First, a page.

Stressed at work? Feeling Exhausted? Unproductive? You may be suffering from burnout. (And yes, it's a real thing.)

Recently, the World Health Organisation (WHO) classified 'work burnout' as a diagnosable, non-medical condition. What does this mean exactly? Read on to find out.

What is work burnout?

According to the World Health Organisation, burnout is characterised as 'a syndrome conceptualised as resulting from chronic workplace stress that has not been successfully managed'. This is evidenced in three main ways:

  1. Lacking in energy and feeling exhausted

  2. Feelings of negativity and distance towards your job

  3. Reduction in productivity and workplace efficiency

What are the burnout symptoms?

It's normal to feel tired after a long day at work, or to feel a moderate level of stress if you have an important project or meeting coming up. So how do you know when the stress you're feeling is no longer 'normal'?

If you're experiencing the following burnout symptoms, you're likely suffering from this diagnosable condition:

  • You are experiencing constant feelings of exhaustion beyond simply feeling tired.

  • You have fallen out of love with your job.

  • Your productivity level has dropped.

  • You have distanced yourself from your colleagues.

  • You are easily irritated at work.

  • Your physical health may be compromised. For example, you may be experiencing headaches, insomnia, muscle pain or extreme fatigue.

How can you tackle it?

Pay attention to the signs of burnout

The most important step in dealing with work burnout is to recognise it in the first place. Don't let it get so bad that it starts to affect all areas of your life. When you start to notice feelings of exhaustion, stress or anxiety, stop what you're doing. Go take a walk. Get a coffee. Talk to a friend. Whatever your method, find a way to remove yourself physically and mentally from the task at hand and take a moment to mentally regroup. If you try to push through, you'll only end up feeling more burnt out.

Stop saying 'yes' to things when you should be saying 'no'

This is a trap that many of us fall into at work. Colleagues, managers and friends all ask for a hand every now and then: tasks, functions, lunch meetings, errands, favours ‒ you name it. And before you've even had a chance to think about it, you've already agreed to do it. Well, this needs to stop.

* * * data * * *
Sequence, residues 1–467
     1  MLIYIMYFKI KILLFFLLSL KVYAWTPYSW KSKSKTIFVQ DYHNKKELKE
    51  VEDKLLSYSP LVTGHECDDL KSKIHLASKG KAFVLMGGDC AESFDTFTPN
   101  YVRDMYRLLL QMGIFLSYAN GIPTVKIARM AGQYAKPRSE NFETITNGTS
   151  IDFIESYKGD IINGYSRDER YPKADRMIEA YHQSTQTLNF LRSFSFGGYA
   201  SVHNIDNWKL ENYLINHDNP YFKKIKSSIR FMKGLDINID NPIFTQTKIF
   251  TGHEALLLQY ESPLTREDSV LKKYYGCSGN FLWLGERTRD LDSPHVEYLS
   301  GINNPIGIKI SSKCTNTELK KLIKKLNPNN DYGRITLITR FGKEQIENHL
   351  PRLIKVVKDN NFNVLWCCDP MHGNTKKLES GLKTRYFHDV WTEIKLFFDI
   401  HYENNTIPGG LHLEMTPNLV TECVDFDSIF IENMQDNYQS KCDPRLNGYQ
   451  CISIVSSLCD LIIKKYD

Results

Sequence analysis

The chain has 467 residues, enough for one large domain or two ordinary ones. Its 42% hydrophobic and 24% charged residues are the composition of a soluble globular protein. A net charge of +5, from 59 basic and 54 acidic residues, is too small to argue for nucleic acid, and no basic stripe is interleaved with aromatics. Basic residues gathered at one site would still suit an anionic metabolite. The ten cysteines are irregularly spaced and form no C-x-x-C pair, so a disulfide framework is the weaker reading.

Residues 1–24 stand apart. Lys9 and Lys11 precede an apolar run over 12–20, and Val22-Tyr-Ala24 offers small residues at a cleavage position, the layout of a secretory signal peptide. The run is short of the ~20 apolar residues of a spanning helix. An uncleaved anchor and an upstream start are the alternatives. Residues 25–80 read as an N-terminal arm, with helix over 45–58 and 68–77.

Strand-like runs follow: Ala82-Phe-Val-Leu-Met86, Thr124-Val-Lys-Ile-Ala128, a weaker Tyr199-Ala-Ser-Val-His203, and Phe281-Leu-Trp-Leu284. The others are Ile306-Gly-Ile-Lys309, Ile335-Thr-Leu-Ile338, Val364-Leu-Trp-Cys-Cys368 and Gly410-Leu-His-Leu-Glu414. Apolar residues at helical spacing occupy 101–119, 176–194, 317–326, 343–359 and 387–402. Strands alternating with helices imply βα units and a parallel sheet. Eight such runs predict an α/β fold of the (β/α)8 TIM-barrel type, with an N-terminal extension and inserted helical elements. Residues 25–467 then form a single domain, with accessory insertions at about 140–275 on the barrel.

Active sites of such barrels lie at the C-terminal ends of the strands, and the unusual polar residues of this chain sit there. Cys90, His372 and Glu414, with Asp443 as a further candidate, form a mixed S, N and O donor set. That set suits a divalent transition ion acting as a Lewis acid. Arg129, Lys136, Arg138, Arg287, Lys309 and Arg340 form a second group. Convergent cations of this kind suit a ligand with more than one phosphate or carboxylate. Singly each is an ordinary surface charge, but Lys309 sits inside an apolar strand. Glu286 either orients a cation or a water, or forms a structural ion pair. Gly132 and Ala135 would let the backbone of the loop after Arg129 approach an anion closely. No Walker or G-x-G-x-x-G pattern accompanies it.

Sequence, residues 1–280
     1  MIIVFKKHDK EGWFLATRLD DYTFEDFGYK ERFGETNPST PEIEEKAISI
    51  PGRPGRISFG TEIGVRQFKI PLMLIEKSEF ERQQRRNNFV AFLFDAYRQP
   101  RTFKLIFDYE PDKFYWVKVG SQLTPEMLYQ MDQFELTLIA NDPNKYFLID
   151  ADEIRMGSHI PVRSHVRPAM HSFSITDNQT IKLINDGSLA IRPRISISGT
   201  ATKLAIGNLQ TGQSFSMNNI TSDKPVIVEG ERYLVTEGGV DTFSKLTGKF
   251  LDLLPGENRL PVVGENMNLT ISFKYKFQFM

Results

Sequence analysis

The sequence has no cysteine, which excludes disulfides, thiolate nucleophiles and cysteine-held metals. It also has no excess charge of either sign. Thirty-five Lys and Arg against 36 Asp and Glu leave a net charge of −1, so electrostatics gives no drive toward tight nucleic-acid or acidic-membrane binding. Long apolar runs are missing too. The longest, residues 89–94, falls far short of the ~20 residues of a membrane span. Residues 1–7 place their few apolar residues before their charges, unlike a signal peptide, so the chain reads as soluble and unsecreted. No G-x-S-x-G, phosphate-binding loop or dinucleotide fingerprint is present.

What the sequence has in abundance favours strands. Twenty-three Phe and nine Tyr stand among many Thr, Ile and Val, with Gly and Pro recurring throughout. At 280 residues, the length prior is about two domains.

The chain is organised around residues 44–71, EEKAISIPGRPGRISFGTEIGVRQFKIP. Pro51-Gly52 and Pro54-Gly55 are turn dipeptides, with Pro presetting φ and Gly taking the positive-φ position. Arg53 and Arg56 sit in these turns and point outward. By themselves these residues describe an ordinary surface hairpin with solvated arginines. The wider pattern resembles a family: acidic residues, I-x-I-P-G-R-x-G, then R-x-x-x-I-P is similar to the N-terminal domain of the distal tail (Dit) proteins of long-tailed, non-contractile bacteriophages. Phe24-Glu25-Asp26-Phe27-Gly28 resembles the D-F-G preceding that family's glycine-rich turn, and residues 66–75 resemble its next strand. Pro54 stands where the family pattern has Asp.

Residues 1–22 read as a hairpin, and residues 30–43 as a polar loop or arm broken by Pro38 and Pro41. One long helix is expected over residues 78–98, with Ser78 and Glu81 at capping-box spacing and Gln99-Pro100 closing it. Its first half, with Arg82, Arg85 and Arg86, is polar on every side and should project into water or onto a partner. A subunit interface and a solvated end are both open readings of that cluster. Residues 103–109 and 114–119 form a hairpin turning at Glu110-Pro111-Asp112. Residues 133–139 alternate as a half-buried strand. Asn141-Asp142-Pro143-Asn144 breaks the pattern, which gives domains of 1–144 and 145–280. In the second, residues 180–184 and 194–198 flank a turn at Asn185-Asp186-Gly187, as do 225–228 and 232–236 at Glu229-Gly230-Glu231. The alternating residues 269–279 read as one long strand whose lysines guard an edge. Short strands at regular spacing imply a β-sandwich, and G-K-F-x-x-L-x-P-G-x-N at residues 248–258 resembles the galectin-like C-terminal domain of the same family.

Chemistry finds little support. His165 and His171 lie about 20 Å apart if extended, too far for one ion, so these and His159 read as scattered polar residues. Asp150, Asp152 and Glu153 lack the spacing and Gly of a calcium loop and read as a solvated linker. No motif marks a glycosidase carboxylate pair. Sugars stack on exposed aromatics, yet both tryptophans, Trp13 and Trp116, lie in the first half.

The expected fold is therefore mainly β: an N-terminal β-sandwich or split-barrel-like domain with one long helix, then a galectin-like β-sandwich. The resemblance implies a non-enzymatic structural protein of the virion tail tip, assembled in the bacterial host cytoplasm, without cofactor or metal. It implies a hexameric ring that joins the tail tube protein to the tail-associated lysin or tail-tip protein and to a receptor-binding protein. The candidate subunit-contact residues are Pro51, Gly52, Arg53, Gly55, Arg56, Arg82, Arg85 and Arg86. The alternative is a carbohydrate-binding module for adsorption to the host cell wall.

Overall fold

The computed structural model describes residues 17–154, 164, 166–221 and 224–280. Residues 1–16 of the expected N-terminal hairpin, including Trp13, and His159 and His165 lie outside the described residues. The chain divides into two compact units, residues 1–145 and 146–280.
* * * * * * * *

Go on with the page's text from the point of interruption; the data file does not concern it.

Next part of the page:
Saying 'yes' to things you don't really want to do will only send you another step closer to feeling burnt out. The next time you're asked to do something, count to three in your head before responding. This will give you those precious few moments to consider whether it's something you actually want or need to do.

Adjust your workload

Burnout is often linked to being overworked. Therefore, if you're starting to see the signs of burnout, it's time to take a look at your workload and how you can manage it better. This might mean having a conversation with your manager about their expectations, asking a colleague to assist with a project or declining invites to meetings you don't really need to attend.

Similarly, if you feel like you need to get away from your desk for an hour or two, take your laptop and go sit in a quiet area in the building. Colleagues won't be able to find you to interrupt you with questions, you're away from the phone and you will be able to work through your tasks in a quiet, peaceful space. You can even block out an hour or two in your calendar so that nobody else can schedule a meeting with you during that time. This will ensure you have a few hours every day to get work done without being interrupted.

These tips may not solve the issue of work burnout altogether, but they may help you manage workplace stress before it goes too far.

Take a mental health day

In a growing trend, several companies are now offering a mental health day as part of their employee benefits. This means employees can take a leave day when they are feeling particularly stressed or overwhelmed or simply in need of some time to switch off – without cutting into their annual sick leave.

But even if your company doesn't offer a mental health day, there are still plenty of reasons why it's OK to take a day off to cater to your mental health. When you're feeling burnt out, your productivity drops, you achieve less and it impacts your overall well-being. Therefore, make the smart decision to stay home and focus on yourself.

Talk about it

There is a real stigma surrounding mental health, and most people don't like to talk about it, particularly in the workplace. However, feelings of anxiety, stress and mental exhaustion are commonly found in high-stress, fast-paced work environments. Therefore, don't feel like you need to bottle it up. Start a dialogue. Talk to a colleague or a supervisor about how you're feeling. It's likely that if you're feeling overwhelmed or overworked, those around you might also be feeling the same.


Work burnout is a real thing and yes, it's conquerable. If work is making you feel anxious, stressed, exhausted or like you've got far too much to do in your day, then it's time to take a step back. You will only be as productive as you feel, so give yourself the space and time you need to focus on your well-being and avoid spiralling into the cycle of workplace burnout.

If the stress of your workplace too much to conquer, you may need to find a healthier environment. Get a free CV critique from TopCV to start off your job search ahead of the pack.

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